The difficulties of divorce can be made even more difficult by the uncertainty that comes with who gets to ‘keep’ the home. It’s a difficult question and it is not something that is designed to fit all relationships and families.

For most people going through a divorce the house can be the biggest asset that has to be divided. From a purely economic standpoint this can cause a great amount of stress for each party. Compounded by the added pressure potential children and dependants may bring, working out if someone will keep the house, or sell it entirely is an uncomfortable question.

Every case is different and as such the court orders may change and accommodate different requests. There are some key tips to help prepare yourself and your partner in the unfortunate event of having to decide what to do with the house.

  1. Understand your reasons to remain in the home. Whilst this seems easy, if you have to go to court or mediation, often you will need a better response than just “I want it so my partner doesn’t get it”. Being able to think about and understand the real, practical reasons why you what to remain in your home will help you to have a better discussion and allow all parties to better understand what should happen to the house. For example, you may wish stay in your home as you are involved and close with the surrounding community and it is close to your work or the kids’ school. Although difficult, your reasons for wanting to stay may also be the same as your partner
  2. Talk to your partner. Having this difficult discussion with your partner may help you better understand each other’s position. This makes for a much more civil proceeding in a difficult situation. By openly discussing the house and the outcome it opens a dialogue to be able to find a way forward in compromise. It also allows both parties to understand other third-party concerns.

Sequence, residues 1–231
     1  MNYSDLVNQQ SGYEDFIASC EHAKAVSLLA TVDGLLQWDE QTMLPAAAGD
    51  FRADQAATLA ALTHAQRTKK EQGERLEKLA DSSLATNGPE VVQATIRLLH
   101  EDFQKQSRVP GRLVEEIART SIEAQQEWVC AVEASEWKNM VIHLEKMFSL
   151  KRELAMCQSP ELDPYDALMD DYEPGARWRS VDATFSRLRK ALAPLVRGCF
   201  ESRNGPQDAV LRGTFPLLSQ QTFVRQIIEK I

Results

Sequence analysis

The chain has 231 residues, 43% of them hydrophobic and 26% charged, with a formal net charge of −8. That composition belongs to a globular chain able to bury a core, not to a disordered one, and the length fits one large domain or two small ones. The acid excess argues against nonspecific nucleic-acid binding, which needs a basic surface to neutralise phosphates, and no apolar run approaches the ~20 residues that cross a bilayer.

3. Think of your children and other dependents. Each family relationship is unique. There may be a variety of different factors from children, pets, older grandparents that live within the home. It can be hard but sometimes these other concerns need to be given weight, along with your own concerns. Other dependents, particularly children, will play a large roll in who, if anyone is allowed to remain in the family home. Understanding the impact others living in the home can have directly impacts on the finical situation of both parties.
  4. Evaluate your finances. Finances in a divorce can be a major issue. One party may earn more than the other or be responsible for supporting the children. This can also be the case in who gets to keep the house. A court may order the house to be sold so that the money can be adequately distributed. One partner may also have the potential to ‘buy out’ the others share. It is important to understand what your financial state is.

There is no guarantee who will get to keep the home in the event of a divorce. Such proceedings can often be difficult and drawn out. Whether the divorce is amicable or hostile, it is important to take proactive steps. Understanding your rights and having up to date advice is the key reaching a settlement for both parties and being in the best position to remain in the family home.

BurkeMead understand the difficulties of divorce and the wish to stay in the home. Contact their expert team to give you the best opportunities in difficult times.